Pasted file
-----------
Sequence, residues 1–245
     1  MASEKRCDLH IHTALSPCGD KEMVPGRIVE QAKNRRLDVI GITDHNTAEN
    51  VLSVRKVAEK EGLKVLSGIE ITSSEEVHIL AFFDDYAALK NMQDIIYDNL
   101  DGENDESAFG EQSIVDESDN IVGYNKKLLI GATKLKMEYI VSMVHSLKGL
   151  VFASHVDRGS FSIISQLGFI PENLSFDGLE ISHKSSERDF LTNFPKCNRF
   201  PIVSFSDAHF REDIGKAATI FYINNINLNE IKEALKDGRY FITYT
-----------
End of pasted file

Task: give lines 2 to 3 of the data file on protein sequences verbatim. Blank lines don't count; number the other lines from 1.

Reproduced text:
     1  MASEKRCDLH IHTALSPCGD KEMVPGRIVE QAKNRRLDVI GITDHNTAEN
    51  VLSVRKVAEK EGLKVLSGIE ITSSEEVHIL AFFDDYAALK NMQDIIYDNL